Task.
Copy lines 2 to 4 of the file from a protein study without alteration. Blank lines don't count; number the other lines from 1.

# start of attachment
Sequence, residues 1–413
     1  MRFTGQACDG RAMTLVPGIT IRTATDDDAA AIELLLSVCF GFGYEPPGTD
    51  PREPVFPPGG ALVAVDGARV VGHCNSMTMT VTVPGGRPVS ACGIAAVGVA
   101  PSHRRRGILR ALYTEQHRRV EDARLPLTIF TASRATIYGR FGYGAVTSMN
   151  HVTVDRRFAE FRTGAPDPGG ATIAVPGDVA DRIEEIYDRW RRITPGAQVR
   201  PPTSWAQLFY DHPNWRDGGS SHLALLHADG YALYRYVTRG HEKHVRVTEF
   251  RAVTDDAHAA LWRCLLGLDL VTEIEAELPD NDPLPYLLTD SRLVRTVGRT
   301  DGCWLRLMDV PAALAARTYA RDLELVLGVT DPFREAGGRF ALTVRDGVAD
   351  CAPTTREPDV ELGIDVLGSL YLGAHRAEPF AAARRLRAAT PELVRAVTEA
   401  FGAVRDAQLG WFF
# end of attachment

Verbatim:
     1  MRFTGQACDG RAMTLVPGIT IRTATDDDAA AIELLLSVCF GFGYEPPGTD
    51  PREPVFPPGG ALVAVDGARV VGHCNSMTMT VTVPGGRPVS ACGIAAVGVA
   101  PSHRRRGILR ALYTEQHRRV EDARLPLTIF TASRATIYGR FGYGAVTSMN